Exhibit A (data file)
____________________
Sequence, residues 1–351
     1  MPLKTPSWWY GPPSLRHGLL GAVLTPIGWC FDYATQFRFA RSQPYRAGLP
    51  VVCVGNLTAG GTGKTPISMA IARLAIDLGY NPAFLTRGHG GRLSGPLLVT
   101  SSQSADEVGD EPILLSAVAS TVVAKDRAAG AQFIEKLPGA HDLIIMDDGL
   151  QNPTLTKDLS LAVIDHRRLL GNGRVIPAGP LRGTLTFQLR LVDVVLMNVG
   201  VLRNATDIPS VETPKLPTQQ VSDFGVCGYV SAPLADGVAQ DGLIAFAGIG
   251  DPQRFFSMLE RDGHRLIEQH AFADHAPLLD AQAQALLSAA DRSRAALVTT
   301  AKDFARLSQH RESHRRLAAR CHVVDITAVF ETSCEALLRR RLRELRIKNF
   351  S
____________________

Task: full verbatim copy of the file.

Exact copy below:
Sequence, residues 1–351
     1  MPLKTPSWWY GPPSLRHGLL GAVLTPIGWC FDYATQFRFA RSQPYRAGLP
    51  VVCVGNLTAG GTGKTPISMA IARLAIDLGY NPAFLTRGHG GRLSGPLLVT
   101  SSQSADEVGD EPILLSAVAS TVVAKDRAAG AQFIEKLPGA HDLIIMDDGL
   151  QNPTLTKDLS LAVIDHRRLL GNGRVIPAGP LRGTLTFQLR LVDVVLMNVG
   201  VLRNATDIPS VETPKLPTQQ VSDFGVCGYV SAPLADGVAQ DGLIAFAGIG
   251  DPQRFFSMLE RDGHRLIEQH AFADHAPLLD AQAQALLSAA DRSRAALVTT
   301  AKDFARLSQH RESHRRLAAR CHVVDITAVF ETSCEALLRR RLRELRIKNF
   351  S